Next week, a work experience minion is joining me in the form of my teenage daughter, so my London trip will be filled with food and drink stops. I’m seeing Wicked again (well, 26 times just isn’t enough!) and Woyzeck at the Old Vic, starring John Boyega. I’m then off to see Miss Meena and the Masala Queens at Greenwich Theatre, which looks fabulous.

You can read all of reviews and interview on my website thesweetlondonlife.com and follow me on Twitter for all of the latest news @NickySweetland

Nicky’s Showbiz Diary: Keep Moving Forward

What is it with some people? You know the ones; those people (sadly usually women) who have to blow out your candle to try to make theirs burn brighter. Most of the time, toxic beings don’t get a look in with me, but every now and then, when things are already a bit tough; one manages to get under my armour.

I feel ashamed to say that at the start of the week a particularly venomous viper, spent what felt like an eternity, trying to convince me that I’m quite rubbish and for a while (about 24 hours) I believed her.

Being tough and learning the reasons behind people’s decisions to be unpleasant, are all very well, but sometimes it just plain hurts.

Anyway, I picked myself up, brushed myself off and ended up having an awesome week.

After accepting a bit of freelance work for another theatrical website (it is always so nice to be asked and really gives you a sense that you are heading in the right direction) I popped along to my first proper rehearsal of Spamalot. There’s nothing quite like belting out some cheery tunes to lift the spirits and this Monty Python inspired show is full of them.

With an added spring in my step I embarked on my working week with renewed vigor and after a fantastic trip to Bristol to see Kerry Ellis and co in Wonderland felt even better. The show, which is about a 40-year old single parent that is dealing with a catalogue of disasters (I know! Spooky right?), is a lovely positive way to spend an evening, with some great music and stunning performances. In fact, the Cheshire Cat even says, “Don’t look down. Stand up straight. Be decisive – never hesitate. If you’re lost, just keep moving forward”, which felt pertinent.

I then journeyed up to London and bumped into one of the cast members of The Girls, Sophie Louise Dann, who joined me for quick cuppa. I then interviewed Sheila Atim, who is currently leading the cast of Babbettes Feast at Print Room at the Coronet, before I popped into the Southwark News office to agree on an exciting new writing opportunity. I’m going to be working on the Greenwich Weekender and after meeting the team, I know it’s going to be a really enjoyable new venture.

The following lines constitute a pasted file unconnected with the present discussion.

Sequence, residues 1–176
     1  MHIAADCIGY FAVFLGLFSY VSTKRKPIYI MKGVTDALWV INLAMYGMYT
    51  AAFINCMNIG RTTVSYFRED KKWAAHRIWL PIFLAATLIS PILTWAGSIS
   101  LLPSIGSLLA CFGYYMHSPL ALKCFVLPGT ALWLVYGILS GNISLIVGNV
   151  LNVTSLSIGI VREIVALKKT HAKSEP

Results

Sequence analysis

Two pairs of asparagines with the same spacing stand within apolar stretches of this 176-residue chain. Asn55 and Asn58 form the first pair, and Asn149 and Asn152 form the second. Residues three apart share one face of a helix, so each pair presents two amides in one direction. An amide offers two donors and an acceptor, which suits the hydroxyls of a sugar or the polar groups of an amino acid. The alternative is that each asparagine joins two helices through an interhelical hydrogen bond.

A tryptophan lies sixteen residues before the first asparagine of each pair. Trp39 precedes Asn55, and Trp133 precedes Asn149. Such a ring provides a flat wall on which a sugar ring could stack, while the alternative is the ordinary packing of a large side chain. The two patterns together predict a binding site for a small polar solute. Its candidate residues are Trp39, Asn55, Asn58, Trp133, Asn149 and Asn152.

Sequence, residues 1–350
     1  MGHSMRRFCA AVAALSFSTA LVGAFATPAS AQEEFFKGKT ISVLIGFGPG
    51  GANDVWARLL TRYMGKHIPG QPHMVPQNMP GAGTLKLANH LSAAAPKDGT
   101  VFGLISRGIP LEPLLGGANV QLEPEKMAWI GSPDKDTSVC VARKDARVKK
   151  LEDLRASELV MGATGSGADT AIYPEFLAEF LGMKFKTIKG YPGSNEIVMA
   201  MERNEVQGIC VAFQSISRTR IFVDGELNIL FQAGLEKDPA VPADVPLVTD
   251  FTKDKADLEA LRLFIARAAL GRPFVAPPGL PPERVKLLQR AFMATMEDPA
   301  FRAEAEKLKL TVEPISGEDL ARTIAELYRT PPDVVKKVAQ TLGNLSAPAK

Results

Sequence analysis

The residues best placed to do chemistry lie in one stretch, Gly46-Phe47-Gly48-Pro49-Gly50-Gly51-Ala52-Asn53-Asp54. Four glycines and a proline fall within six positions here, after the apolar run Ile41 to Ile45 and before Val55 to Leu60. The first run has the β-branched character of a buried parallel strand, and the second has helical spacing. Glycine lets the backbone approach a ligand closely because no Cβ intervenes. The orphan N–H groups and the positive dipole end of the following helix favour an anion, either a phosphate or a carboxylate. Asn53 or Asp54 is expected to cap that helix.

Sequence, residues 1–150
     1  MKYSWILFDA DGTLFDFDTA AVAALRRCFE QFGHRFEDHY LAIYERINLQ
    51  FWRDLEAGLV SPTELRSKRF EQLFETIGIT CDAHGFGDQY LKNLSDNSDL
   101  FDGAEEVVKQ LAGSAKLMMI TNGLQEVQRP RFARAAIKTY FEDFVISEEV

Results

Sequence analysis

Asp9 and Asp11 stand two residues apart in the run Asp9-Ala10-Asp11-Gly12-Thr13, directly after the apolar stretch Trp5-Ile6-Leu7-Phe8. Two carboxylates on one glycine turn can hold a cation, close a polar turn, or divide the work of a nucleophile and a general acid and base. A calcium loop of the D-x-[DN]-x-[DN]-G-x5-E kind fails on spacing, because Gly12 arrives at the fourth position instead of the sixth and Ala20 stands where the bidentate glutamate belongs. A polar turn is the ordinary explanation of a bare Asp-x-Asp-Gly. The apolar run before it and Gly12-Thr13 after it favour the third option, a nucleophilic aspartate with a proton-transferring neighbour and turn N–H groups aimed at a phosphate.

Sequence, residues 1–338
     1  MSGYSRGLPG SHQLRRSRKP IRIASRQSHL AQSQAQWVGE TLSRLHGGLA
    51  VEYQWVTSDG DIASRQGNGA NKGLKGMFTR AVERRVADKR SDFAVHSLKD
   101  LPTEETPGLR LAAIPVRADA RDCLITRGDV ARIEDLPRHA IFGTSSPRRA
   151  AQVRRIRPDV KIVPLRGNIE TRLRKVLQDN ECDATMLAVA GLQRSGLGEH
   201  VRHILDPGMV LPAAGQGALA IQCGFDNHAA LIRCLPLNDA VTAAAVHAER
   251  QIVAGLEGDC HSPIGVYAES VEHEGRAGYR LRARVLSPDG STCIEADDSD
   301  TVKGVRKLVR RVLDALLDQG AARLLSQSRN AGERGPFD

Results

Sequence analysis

I also went along to the open auditions of Cilla – The Musical and had a chat to some of the auditionees along with the writer Jeoff Pope and Cilla’s son Robert Willis.

I had a coffee with the lovely Siubhan Harrison who after starring alongside Rebel Wilson in Guys and Dolls is looking forward to getting back to the London stage and will be leading the cast at Southwark Playhouse in Steven Schwartz’s Working.

One thing I’ve learned from this week is that as long as I stay true to myself I can succeed. Yes, they’ll be plenty of rubbish people along the way who are determined to“Rain on my Parade” but nobody “Is ever gonna bring me down!” (I’m sorry for the shameless musical theatre quotes!).

Next week I’m doing a bit of a theatrical marathon and I’m starting off by going to see the Play That Goes Wrong at Exeter Northcott Theatre. I’m then really excited to be watching The Addams Family in Wimbledon, followed by Richard III at the Arcola Theatre, Ballroom at the Waterloo East Theatre and then Judy! at the Arts Theatre. I’m also popping over to Southampton to catch Samantha Barks’ solo concert before I trot along to Cadogan Hall to listen to a concert version of The Colour Purple.